There was some talk a while back about combining Cincinnati and Dayton into one Nielsen radio market, which makes absolutely no sense to me. That makes as much sense as combining DC and Baltimore into one metro. While were at it, Detroit-Toledo-Flint metro, anybody?
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bandit957

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Re: 2018 metropolitan population estimates
« Reply #29 on: June 24, 2019, 08:29:13 PM »

There was some talk a while back about combining Cincinnati and Dayton into one Nielsen radio market, which makes absolutely no sense to me.

It would make no sense. At all. I used to be able to pick up a couple Dayton stations quite well, but that can't be done now. The dial is too crowded, and radio receivers just aren't as good now.
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bing101

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Re: 2018 metropolitan population estimates
« Reply #30 on: June 24, 2019, 09:57:36 PM »


Some of these need to be revised IMO out west given several metro areas have grown together.  San Francisco/Oakland/San Jose ought to be a single metro area along with Los Angeles/Riverside/San Bernardino.  There is literally no break in the urban sprawl in those particular areas of California.


I would actually say San Francisco/Oakland/San Jose/Sacramento/Stockton/Salinas/Modesto/Fresno could easily be one. Another could be Los Angeles/Riverside/San Bernardino/Anaheim/Santa Barbara/Bakersfield/San Diego/Tijuana/El Centro/Mexicali would be another.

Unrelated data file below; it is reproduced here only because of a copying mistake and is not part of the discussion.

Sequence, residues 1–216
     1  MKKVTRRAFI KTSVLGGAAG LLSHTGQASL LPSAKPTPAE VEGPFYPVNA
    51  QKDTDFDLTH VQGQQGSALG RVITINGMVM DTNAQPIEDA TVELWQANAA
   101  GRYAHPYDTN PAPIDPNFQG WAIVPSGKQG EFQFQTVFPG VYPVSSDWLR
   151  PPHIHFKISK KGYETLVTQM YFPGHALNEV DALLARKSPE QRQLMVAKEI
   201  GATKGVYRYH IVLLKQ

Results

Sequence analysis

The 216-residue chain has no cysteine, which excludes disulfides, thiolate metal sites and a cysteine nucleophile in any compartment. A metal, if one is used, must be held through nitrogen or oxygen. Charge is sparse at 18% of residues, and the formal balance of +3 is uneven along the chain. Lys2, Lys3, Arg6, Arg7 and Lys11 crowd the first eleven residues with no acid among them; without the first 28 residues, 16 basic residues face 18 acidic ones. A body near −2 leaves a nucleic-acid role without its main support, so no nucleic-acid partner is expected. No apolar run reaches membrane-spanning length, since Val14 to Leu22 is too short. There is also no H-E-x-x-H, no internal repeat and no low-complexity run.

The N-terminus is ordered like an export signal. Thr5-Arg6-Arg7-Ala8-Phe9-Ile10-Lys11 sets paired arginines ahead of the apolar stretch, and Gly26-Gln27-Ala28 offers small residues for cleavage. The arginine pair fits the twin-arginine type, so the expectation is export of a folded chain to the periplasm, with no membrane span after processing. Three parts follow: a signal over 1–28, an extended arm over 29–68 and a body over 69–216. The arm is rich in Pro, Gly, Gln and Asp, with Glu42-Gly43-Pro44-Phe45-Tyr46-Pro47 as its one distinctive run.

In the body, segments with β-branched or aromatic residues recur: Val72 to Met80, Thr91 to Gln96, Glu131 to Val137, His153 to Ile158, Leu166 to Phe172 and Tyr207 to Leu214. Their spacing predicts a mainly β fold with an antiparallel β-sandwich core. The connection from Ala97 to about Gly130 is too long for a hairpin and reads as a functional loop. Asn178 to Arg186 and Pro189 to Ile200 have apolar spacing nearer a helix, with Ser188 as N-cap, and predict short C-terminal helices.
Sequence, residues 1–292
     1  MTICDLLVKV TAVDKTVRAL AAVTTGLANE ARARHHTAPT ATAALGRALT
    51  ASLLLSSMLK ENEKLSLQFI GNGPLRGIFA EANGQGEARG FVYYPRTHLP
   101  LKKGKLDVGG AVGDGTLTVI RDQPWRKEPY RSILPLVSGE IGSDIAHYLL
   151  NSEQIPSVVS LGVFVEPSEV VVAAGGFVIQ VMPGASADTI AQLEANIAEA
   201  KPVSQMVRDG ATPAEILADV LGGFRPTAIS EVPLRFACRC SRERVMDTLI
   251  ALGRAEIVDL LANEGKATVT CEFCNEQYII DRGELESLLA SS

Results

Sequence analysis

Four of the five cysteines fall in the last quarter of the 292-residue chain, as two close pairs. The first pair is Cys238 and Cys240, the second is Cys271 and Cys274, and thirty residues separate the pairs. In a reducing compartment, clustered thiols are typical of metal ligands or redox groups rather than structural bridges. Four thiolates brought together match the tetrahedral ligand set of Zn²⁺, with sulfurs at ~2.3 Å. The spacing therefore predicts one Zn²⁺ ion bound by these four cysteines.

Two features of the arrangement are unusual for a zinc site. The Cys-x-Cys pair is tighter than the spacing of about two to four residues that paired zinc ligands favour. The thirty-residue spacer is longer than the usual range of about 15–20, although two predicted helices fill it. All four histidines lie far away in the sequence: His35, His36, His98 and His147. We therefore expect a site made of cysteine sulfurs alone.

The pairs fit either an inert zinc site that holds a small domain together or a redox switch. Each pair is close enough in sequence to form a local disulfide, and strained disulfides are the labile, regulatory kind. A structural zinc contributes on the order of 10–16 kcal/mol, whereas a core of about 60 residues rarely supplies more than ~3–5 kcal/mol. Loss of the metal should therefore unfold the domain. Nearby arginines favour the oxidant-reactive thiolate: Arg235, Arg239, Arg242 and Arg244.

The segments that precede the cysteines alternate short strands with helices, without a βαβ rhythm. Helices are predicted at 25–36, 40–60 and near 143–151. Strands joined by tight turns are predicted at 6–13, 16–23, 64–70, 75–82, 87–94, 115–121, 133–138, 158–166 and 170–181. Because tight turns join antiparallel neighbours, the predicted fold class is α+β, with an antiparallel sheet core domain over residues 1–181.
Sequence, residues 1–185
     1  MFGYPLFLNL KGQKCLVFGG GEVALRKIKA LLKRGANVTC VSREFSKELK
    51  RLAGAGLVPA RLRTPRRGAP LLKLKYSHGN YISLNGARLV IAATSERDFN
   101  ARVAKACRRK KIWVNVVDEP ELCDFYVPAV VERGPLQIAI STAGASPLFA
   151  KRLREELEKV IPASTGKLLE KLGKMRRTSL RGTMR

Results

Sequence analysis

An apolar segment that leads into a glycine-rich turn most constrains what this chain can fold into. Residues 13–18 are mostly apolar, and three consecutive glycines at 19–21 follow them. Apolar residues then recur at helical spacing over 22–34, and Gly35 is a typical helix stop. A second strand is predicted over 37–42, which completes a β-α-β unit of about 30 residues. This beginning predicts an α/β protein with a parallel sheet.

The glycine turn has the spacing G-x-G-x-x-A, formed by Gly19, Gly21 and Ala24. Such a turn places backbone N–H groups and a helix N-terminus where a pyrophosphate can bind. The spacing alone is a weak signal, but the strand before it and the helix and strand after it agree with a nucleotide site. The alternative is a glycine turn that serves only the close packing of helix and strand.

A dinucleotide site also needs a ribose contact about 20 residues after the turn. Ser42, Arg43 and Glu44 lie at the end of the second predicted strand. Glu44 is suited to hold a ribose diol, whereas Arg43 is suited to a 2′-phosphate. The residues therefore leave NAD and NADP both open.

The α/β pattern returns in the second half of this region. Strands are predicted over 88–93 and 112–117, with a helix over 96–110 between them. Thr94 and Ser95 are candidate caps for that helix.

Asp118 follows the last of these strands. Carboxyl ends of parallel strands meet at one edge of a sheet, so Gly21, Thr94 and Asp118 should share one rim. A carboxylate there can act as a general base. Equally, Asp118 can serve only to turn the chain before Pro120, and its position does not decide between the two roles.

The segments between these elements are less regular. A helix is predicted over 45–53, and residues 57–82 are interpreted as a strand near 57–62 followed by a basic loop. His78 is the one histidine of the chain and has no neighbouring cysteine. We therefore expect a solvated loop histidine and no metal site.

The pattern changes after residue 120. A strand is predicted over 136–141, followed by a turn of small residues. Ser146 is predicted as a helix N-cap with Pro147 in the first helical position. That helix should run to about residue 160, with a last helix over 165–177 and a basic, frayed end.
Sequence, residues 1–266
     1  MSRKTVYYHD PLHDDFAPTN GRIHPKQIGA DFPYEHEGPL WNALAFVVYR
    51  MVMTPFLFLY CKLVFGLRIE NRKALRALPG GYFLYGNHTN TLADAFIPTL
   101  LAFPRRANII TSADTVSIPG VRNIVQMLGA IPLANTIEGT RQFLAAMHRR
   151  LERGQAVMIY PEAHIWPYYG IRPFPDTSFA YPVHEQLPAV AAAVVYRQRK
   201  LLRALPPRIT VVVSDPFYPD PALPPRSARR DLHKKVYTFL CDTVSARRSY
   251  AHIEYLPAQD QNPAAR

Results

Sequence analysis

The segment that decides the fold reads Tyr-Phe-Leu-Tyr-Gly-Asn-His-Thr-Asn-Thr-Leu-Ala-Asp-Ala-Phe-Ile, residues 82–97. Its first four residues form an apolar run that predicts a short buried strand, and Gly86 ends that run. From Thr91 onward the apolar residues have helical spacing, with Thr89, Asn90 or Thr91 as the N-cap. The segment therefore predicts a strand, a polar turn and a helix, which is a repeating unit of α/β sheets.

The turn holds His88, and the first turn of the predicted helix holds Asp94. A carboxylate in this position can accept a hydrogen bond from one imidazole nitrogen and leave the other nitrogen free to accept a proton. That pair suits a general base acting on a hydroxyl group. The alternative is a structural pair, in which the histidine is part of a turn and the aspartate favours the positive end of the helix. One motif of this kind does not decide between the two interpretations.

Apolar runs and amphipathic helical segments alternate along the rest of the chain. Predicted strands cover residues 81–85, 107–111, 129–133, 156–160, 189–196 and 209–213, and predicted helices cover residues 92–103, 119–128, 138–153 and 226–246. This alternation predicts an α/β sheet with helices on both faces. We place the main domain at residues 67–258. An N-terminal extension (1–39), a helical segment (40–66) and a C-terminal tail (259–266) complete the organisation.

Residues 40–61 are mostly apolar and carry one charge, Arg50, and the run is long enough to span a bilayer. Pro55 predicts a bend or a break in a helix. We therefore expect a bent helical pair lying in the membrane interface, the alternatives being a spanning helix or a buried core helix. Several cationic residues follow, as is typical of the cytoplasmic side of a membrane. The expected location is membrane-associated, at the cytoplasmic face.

You could probably add Denver/Boulder/Fort Collins/Greeley/Cheyenne/Colorado Springs/Pueblo/Canon City as another.




This map might fit your description though.

Aside from Tracy there is too much separating San Joaquin Valley from being part of the Bay Area or Sacramento.  All the communities have a huge geographic barrier from the Bay Area via the Diablo Range.  The farms separate the communities even further into isolated pockets usually alongside CA 99. 

Regarding Phoenix, Flagstaff and Tucson there is way too much mountain, reservation and desert in the way to consider those one metro area.


Austin and San Antonio should be in the running for being 1 megaopolis 
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Revive 755

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Re: 2018 metropolitan population estimates
« Reply #31 on: June 24, 2019, 10:00:06 PM »

Orlando is going to break the top 20 very soon, it will pass StL and Baltimore. Cleveland is going to fall multiple spots, to Indianapolis, San Jose, and Nashville. Milwaukee and Providence are going to lose ground to Jacksonville, OKC, and Raleigh. And whats the deal with Decatur and Danville IL both losing people at a very quick rate?